Sea of Thieves generated a lot of excitement in the run-up to its launch. Popular streamers participated in the many beta tests, which ran from late January through to early March, and it appeared to be the pirate fantasy title you didn't know you wanted. Captaining a galleon required just the right amount of cooperation and busywork to make it rewarding but not tiresome. And whether it was drinking grog until you hurled, playing pirate shanties on creaky instruments or firing yourself out of a cannon in the direction of an enemy ship, there were plenty of good old-fashioned giggles to be had.
It was perhaps this significant amount of pre-launch exposure that ultimately led to universal disappointment. You don't have to spend much time in-game for the novelty of these cliché pirate actions to wear off. Beyond that, the game felt... unfinished. The three types of quests are simplistic and get repetitive very quickly. Plus, the payoff is leveling up towards the end goal of becoming a pirate captain and earning coin to buy wildly expensive cosmetics. In other words, it's an unrewarding grind.
As it stands, the multiplayer aspect isn't much more engaging. The sword- and gun-play is shallow, and while ship-on-ship battles have a higher skill cap, they often end up being an exercise in who exhausts their cannonballs or repairs planks first, or who can spawn-camp on the enemy's ship the longest. There's no real reward for sinking a ship apart from being annoying, and if you're on the receiving end, you just come out the other end annoyed.
That's why The Hungering Deep is such an important update. It's the first chance Rare has to flip the script and keep people raising anchor on the Sea of Thieves. There's a couple of different aspects to the patch: new cosmetics, including scars and tattoos, and a flag you can now raise atop your mast. You can choose the Jolly Roger, a white flag and several other colors. These are intended as a long-range communication tool, but don't have much value as far as I can tell.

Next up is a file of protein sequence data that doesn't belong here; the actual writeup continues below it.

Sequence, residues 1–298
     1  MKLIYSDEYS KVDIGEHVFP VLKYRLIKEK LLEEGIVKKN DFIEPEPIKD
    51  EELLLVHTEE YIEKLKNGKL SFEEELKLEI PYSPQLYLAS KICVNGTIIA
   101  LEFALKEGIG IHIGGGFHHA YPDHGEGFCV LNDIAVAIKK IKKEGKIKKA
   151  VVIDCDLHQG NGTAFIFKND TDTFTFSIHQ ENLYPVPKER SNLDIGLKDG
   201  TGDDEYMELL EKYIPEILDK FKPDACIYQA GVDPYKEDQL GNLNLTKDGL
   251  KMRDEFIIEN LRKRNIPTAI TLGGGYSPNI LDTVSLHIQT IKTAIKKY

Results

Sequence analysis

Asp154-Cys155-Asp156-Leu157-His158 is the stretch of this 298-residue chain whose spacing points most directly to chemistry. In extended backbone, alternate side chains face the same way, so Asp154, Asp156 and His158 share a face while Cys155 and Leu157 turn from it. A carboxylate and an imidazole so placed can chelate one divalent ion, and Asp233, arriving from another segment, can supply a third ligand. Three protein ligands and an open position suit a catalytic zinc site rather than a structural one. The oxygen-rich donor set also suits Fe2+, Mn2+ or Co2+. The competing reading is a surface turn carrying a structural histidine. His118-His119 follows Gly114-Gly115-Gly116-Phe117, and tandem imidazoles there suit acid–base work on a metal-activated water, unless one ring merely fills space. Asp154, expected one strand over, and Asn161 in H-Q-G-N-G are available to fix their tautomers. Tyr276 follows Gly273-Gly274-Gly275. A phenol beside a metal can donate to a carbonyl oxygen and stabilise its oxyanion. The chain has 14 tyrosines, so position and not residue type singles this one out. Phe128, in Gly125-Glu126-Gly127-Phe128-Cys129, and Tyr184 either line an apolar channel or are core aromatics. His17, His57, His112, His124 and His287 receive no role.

The meat and potatoes of The Hungering Deep, however, is a campaign-esque quest that follows the tale of one 'Merry' Merrick, who encountered a legendary sea monster somewhere in the blue. You get a couple of new items as you progress through the story -- a new instrument in the drum and a speaking trumpet that allows you to broadcast your voice to ships outside the range of proximity chat. The vast majority of the quest, however, is spent sailing from clue to clue.
The Hungering Deep progresses differently to the standard quest fare you pick up at trading outposts. Instead of getting a map or a location spoon-fed to you, you have to actually engage your gray matter to pick apart riddles and work out your next step. You also have to read the clue and remember its contents, as you can't take it with you -- pro-tip, take screenshots so you can revisit them if you get stuck. To some extent, it does make you feel like you're on an actual journey, following the most elaborate pirate's tale the game's spun yet.
That said, break the whole thing down into its constituent parts and it's really just a glorified fetch quest. There are no puzzles to solve or discoveries to make along the way, apart from ending up where you are supposed to be, reading the next text-based clue, and setting off again. The milestones are fairly spread out, too, making long and sometimes tiring voyages unavoidable. It's a bit of a grind. Still, it's a welcome enough departure from the resource farming and monotonous trading missions.
The Hungering Deep did serve to remind me of one facet of the game I had taken for granted, having not played in over a month: It's not the worst way to kill time. I did the early portion of the campaign with my colleague Tim Seppala on deck. Between the five-minute stints of activity at new clue spots, we chatted for hours, I made and ate dinner while he steered our sloop, and I actually wrote most of this piece while concurrently in-game. It's not a bad place to just hang out, especially with friends on voice chat. As Tim describes it: "It's a great online lobby."
But therein lies another problem with The Hungering Deep. It's ended up being a huge time-suck. Without spoiling too much, you eventually get to a point where there are no more clues, and you have to head out in search of danger. Only, you need at least five people cooperating to trigger the final event, meaning even a fully manned galleon is incapable of completing the campaign. I've spent twice as long trying to find other ships to party up with for the last hoorah than I have done getting to that point. Hours and hours.